The National Fry Processors Trial (NFPT) program was formed in 2011 to bring together grower organizations and potato processing companies to create enhanced russet varieties that meet the taste expectations of consumers.
The Evolution of NFPT
2011 – 2016 →
During this time, the NFPT program primarily applied equal resources to each participating clone.
- Using this approach, a potato clone entered into the NFPT program was shipped by its respective sponsoring breeder to trial cooperators in six locations around the country: Oregon, Washington, Idaho, North Dakota, Wisconsin, and Maine.
- At each trial location, all participating clones underwent post-harvest testing regardless of how they performed in the field. The clones that exhibited the greatest promise across field and post-harvest testing were selected for processor evaluation in their demonstration processing lines and test kitchens.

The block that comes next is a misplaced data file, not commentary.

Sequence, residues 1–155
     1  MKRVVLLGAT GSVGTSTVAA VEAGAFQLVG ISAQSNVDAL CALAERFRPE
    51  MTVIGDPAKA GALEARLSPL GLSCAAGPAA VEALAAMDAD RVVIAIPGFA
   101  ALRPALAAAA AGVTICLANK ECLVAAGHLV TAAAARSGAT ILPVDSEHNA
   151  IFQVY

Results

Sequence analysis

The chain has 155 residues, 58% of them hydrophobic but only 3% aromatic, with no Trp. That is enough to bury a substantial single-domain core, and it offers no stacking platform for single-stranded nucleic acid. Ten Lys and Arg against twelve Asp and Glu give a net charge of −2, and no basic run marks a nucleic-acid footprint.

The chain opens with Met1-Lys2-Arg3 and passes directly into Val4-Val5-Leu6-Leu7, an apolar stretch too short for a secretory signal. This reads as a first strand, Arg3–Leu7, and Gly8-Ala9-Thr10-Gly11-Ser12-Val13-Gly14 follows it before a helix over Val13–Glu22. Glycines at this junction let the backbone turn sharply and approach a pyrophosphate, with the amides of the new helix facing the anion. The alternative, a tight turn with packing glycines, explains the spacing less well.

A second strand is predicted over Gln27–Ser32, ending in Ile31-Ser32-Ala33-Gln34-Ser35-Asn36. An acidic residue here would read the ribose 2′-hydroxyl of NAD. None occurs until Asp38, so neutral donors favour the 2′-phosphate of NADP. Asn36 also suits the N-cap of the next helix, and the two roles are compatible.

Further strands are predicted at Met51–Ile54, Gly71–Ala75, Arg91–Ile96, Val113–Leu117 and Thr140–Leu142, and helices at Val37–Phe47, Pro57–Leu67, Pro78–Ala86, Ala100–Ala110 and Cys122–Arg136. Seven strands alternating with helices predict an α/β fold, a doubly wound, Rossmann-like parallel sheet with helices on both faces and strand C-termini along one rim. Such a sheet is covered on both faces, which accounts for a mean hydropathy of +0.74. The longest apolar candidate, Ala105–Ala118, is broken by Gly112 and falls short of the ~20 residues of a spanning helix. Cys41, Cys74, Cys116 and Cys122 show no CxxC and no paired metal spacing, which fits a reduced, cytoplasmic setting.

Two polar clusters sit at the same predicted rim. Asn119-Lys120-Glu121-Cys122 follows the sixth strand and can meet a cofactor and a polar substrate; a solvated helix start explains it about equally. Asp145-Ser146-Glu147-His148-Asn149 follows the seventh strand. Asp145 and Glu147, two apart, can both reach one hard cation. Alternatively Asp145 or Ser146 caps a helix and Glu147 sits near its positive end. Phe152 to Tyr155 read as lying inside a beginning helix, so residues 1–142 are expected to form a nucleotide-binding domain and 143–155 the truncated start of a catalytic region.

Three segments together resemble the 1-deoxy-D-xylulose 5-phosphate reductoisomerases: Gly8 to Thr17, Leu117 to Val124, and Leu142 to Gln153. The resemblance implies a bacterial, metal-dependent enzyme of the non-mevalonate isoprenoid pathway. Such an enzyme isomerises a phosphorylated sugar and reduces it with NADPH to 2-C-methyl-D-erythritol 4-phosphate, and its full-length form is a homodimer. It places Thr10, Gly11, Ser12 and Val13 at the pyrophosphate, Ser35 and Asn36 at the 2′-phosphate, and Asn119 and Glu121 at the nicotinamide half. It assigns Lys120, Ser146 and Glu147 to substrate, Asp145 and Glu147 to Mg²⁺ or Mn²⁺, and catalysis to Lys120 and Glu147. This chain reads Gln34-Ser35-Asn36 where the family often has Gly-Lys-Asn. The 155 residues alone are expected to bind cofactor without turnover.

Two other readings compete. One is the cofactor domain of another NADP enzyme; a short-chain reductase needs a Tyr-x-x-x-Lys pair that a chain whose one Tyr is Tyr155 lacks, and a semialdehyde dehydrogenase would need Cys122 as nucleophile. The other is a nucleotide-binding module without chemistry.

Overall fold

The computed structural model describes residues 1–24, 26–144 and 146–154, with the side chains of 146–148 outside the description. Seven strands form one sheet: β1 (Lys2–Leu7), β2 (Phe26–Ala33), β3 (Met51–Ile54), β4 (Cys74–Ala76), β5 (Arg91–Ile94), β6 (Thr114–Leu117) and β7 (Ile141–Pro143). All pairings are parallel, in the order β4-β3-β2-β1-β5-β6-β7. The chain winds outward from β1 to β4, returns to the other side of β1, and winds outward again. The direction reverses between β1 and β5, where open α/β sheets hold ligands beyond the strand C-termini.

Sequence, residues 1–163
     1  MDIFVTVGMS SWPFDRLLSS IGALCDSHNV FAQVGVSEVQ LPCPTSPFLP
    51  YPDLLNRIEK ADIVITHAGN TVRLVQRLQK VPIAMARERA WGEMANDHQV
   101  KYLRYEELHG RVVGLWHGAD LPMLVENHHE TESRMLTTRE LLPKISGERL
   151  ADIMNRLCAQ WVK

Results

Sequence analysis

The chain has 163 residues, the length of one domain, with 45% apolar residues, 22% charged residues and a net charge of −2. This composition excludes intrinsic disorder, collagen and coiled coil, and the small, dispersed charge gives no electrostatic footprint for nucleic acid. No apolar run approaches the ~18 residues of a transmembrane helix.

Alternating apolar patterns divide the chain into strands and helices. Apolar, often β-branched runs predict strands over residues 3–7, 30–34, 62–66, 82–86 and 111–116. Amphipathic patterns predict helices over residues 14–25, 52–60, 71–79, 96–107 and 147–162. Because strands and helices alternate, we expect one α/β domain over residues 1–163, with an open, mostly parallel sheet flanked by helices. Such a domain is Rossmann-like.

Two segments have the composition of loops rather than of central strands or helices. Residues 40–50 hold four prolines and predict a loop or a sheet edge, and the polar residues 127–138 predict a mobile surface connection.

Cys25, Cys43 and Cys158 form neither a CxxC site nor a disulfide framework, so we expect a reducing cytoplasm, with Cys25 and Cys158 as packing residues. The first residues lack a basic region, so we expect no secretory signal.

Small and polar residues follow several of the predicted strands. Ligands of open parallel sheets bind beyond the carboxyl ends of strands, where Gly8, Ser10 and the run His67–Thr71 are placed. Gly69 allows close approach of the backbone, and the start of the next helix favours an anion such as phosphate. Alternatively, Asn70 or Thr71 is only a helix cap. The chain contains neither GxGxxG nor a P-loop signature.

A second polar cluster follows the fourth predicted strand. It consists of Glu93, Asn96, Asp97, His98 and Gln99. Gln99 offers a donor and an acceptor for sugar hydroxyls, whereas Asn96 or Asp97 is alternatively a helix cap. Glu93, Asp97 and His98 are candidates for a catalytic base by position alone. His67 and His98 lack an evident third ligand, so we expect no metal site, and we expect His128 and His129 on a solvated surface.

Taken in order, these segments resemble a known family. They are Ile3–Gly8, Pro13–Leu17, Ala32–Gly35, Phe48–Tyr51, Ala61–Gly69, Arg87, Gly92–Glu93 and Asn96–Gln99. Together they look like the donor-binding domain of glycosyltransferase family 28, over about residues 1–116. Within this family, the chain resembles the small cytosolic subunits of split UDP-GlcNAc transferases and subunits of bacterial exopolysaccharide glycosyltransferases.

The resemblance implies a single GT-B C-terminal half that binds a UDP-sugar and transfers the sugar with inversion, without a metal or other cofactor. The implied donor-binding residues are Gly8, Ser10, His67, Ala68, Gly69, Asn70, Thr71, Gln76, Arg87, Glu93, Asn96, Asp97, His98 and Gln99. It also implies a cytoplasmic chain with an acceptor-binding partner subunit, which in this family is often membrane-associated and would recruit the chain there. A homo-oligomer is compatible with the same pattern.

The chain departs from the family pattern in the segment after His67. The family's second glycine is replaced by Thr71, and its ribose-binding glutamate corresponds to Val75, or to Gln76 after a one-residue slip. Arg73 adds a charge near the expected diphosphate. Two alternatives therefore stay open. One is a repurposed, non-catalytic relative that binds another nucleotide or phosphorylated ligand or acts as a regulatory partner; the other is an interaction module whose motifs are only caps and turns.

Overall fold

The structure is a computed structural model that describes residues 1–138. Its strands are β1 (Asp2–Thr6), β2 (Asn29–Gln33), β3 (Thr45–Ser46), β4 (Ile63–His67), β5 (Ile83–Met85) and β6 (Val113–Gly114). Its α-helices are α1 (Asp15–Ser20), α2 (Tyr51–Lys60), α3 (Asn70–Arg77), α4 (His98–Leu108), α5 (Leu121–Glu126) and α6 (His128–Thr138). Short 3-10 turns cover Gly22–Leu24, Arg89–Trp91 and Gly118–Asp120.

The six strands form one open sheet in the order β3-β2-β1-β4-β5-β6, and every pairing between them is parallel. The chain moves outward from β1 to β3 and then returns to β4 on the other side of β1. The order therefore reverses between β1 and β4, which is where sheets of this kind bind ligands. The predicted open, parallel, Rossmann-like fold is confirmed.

2016 – Present →
The program was reformatted to take a tiered approach.
- Under the new format, NFPT clones must satisfy minimum agronomic benchmarks before being selected for post-harvest analysis.
- Clones selected for processor evaluation must exhibit acceptable agronomic and post-harvest characteristics.
- The process is typically limited to three years for a participating clone.
- In Tier One, a clone is evaluated for agronomic traits.
- In Tier Two, a clone undergoes the second year of field testing while also undergoing initial post-harvest analysis.
- In Tier Three, a clone’s third and final year in the program, it undergoes agronomic testing, post-harvest analysis, and evaluation by a processor for viability as a finished product.
- This new format eliminates the more expensive post-harvest testing for clones that do not perform well in the most economic evaluation stage: the field trials.